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Euthanasia Legalization: Public Policy Debates Essay

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Updated: Jul 5th, 2020


Since euthanasia is a medical practice that involves the termination of life, its legalization in various jurisdictions has triggered public policy debates. The debates revolve around the technical aspects of euthanasia such as the nature of euthanasia and safeguards to prevent abuse. Proponents of euthanasia argue that dying patients have the right to die with dignity, caregivers have a right to discontinue medical interventions due to unbearable burden, and healthcare providers have a duty to act in beneficence. On the other hand, critics contend that making euthanasia lawful would amount to inviolability of life, encourage wrongful use of mercy killing, and contravene the non-maleficence principle.

Technical Aspects

Euthanasia is a medical practice, which allows healthcare providers to terminate the life of a patient to relieve pain, alleviate suffering, and save medical resources. The nature of euthanasia varies according to the sources of the informed consent. Technically, euthanasia can be voluntary, non-voluntary, or involuntary. Voluntary euthanasia is a type of euthanasia where patients give informed consent regarding termination of their own life.

According to Math and Chaturvedi (2012), non-voluntary euthanasia happens when family members give the informed consent on behalf of a patient who has no capacity to do so. Involuntary euthanasia occurs when healthcare providers and family members consent to the euthanasia of a patient against his or her will. Therefore, the nature of informed consent technically determines legal and ethical aspects of euthanasia.

Since euthanasia is prone to abuse, health care systems in countries that have legalized euthanasia have put legal and ethical safeguards. Pereira (2011) states that for euthanasia to meet legal and ethical requirements, there must be written and voluntary informed consent, reporting of the case, performed by physicians only, and consideration of the second opinion.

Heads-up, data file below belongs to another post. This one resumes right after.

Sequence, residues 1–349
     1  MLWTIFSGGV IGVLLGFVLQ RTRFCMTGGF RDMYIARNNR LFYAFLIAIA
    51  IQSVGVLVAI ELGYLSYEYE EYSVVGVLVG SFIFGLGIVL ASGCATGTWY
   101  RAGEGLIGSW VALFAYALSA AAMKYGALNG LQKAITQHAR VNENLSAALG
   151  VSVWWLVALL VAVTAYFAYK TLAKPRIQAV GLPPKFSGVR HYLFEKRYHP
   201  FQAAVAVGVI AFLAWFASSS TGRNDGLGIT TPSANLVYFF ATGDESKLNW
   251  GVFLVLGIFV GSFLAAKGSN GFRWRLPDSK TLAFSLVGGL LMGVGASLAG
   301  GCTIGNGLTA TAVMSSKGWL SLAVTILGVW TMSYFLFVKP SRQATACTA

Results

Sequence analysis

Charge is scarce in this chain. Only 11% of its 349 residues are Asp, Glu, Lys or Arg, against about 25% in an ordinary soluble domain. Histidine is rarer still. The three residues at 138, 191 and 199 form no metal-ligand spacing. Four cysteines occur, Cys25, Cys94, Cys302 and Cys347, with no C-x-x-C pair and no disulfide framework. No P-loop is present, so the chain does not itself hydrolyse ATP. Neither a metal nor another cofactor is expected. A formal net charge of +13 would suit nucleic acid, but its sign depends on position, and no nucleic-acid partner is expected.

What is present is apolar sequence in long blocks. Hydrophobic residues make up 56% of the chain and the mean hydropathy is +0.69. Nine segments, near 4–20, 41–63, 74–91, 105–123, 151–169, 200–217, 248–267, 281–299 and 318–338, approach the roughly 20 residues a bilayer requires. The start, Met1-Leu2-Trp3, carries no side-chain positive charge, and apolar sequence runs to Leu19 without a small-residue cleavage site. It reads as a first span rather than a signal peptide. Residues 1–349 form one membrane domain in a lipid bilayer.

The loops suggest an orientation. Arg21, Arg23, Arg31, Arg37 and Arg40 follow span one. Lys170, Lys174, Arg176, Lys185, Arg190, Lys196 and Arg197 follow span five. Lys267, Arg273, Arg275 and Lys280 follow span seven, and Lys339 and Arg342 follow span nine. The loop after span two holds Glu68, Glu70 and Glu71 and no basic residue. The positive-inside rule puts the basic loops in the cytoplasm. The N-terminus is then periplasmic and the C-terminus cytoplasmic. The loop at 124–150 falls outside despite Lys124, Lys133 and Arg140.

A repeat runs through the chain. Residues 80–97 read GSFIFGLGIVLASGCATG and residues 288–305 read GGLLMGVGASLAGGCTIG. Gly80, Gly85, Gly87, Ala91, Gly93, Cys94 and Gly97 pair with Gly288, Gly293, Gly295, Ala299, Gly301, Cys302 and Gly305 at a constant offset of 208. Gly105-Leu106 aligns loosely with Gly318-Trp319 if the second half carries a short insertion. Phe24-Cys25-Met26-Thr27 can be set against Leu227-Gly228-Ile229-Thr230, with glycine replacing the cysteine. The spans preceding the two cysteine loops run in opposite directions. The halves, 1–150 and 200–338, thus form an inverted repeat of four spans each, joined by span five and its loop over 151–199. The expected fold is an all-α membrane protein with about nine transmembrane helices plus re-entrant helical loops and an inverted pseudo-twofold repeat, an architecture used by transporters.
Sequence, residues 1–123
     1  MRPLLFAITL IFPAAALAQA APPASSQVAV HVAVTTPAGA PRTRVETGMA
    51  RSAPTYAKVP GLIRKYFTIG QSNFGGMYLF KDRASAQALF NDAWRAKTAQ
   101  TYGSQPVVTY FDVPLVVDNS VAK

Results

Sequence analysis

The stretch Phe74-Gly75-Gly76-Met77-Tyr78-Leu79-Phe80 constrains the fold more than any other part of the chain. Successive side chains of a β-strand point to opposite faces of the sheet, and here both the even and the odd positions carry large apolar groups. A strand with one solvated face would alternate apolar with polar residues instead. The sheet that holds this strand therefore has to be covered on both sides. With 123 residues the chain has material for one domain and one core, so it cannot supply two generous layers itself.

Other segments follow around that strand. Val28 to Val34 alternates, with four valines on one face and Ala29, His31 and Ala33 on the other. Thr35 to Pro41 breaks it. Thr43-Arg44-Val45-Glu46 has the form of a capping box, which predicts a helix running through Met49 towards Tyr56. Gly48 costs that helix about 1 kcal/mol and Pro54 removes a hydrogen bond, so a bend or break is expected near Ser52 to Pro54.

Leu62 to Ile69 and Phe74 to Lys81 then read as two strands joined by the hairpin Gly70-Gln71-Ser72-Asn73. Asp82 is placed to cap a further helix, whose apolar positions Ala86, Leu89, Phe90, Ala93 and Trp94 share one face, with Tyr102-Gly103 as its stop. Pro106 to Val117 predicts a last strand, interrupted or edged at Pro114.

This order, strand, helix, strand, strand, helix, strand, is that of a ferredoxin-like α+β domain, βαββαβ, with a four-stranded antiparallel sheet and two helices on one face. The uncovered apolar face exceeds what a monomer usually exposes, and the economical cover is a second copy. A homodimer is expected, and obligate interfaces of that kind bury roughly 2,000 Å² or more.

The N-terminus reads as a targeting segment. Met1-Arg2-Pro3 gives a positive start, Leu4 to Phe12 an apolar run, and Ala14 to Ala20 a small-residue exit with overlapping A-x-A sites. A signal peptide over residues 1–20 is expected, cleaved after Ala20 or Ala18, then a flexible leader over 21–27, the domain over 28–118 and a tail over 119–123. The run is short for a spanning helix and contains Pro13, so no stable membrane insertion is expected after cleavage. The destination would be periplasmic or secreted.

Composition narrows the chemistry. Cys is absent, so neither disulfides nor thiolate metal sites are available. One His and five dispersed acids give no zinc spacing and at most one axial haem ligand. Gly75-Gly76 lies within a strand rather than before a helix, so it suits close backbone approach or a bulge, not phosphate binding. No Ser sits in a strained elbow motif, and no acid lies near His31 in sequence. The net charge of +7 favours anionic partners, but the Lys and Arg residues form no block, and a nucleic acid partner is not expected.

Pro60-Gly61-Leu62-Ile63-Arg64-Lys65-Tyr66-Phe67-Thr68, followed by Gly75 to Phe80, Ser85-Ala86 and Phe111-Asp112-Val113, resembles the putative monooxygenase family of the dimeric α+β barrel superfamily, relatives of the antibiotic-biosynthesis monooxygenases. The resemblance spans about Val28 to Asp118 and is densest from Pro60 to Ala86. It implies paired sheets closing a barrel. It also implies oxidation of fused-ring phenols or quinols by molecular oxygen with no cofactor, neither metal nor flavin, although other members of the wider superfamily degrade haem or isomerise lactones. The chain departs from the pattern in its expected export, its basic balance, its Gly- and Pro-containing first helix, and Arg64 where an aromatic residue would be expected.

The requirement of written and voluntary informed consent prevents physicians and family members from performing non-voluntary and involuntary euthanasia. Reporting is an important requirement that promotes accountability in medical practice given that there is fear of the slippery slope. The requirements of physicians to perform euthanasia and consideration of the second opinion eliminate the violation of legal and ethical stipulations, and thus, control the performance of euthanasia in health care environment.

Public Policy Debates

Supporting Arguments

The proponents of euthanasia hold that people have right to die just as they have right to life because they can make rational decisions based on availed information or experience. In this view, autonomy is an important right, which allows people to make decisions regarding their end of life care. Autonomy is a central pillar that supports euthanasia because it regards individuals as entities, which have a capacity to make moral decisions about plans for their lives. Friend (2011) argues that autonomy is not only a right of the patient, but also an obligation of healthcare providers to respect the decisions of patients and grant them their requests. Hence, patients receive dignity when healthcare providers respect their autonomy in making decisions about their end of life care.

Given that patients with terminal illnesses, which are disabling and degenerative conditions, writhe in pain and impose a huge burden on caregivers, proponents argue that it is ethical to allow them to die with dignity. Math and Chaturvedi (2012) note that when the burden of caregivers becomes unbearable in terms of finance, time, emotional feelings, social aspect, physical state, and mental condition, family members have a right to terminate the life of the patient. This argument holds that it is unethical to sustain the lives of patients using massive medical resources, yet caregivers are unable to bear the cost. Therefore, in instances where patients use expensive drugs or are sustained by life support machines, withdrawal of these interventions is justifiable.